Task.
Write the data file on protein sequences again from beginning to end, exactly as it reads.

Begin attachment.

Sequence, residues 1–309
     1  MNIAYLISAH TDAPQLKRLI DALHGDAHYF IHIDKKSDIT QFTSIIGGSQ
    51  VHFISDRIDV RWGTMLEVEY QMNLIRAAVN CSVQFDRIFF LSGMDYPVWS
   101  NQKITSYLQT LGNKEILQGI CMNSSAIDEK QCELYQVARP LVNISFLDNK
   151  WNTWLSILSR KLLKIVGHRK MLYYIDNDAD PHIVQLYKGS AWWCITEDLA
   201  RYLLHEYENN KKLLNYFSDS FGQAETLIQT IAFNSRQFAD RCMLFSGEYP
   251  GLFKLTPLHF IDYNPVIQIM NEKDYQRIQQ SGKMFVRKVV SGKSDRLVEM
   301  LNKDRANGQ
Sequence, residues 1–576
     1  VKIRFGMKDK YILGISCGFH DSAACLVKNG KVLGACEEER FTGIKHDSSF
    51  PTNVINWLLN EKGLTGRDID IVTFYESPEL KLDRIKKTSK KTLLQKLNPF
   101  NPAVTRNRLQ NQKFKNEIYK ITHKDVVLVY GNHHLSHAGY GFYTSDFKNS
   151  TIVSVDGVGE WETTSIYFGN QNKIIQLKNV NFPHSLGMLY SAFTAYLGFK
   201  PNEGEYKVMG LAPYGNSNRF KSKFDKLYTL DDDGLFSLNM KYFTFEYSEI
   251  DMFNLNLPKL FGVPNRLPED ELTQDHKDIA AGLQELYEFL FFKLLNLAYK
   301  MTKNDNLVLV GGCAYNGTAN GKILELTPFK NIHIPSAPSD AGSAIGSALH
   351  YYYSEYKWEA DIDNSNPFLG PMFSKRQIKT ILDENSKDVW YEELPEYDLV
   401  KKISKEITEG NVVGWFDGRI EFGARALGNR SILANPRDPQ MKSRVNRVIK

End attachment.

Sequence, residues 1–309
     1  MNIAYLISAH TDAPQLKRLI DALHGDAHYF IHIDKKSDIT QFTSIIGGSQ
    51  VHFISDRIDV RWGTMLEVEY QMNLIRAAVN CSVQFDRIFF LSGMDYPVWS
   101  NQKITSYLQT LGNKEILQGI CMNSSAIDEK QCELYQVARP LVNISFLDNK
   151  WNTWLSILSR KLLKIVGHRK MLYYIDNDAD PHIVQLYKGS AWWCITEDLA
   201  RYLLHEYENN KKLLNYFSDS FGQAETLIQT IAFNSRQFAD RCMLFSGEYP
   251  GLFKLTPLHF IDYNPVIQIM NEKDYQRIQQ SGKMFVRKVV SGKSDRLVEM
   301  LNKDRANGQ
Sequence, residues 1–576
     1  VKIRFGMKDK YILGISCGFH DSAACLVKNG KVLGACEEER FTGIKHDSSF
    51  PTNVINWLLN EKGLTGRDID IVTFYESPEL KLDRIKKTSK KTLLQKLNPF
   101  NPAVTRNRLQ NQKFKNEIYK ITHKDVVLVY GNHHLSHAGY GFYTSDFKNS
   151  TIVSVDGVGE WETTSIYFGN QNKIIQLKNV NFPHSLGMLY SAFTAYLGFK
   201  PNEGEYKVMG LAPYGNSNRF KSKFDKLYTL DDDGLFSLNM KYFTFEYSEI
   251  DMFNLNLPKL FGVPNRLPED ELTQDHKDIA AGLQELYEFL FFKLLNLAYK
   301  MTKNDNLVLV GGCAYNGTAN GKILELTPFK NIHIPSAPSD AGSAIGSALH
   351  YYYSEYKWEA DIDNSNPFLG PMFSKRQIKT ILDENSKDVW YEELPEYDLV
   401  KKISKEITEG NVVGWFDGRI EFGARALGNR SILANPRDPQ MKSRVNRVIK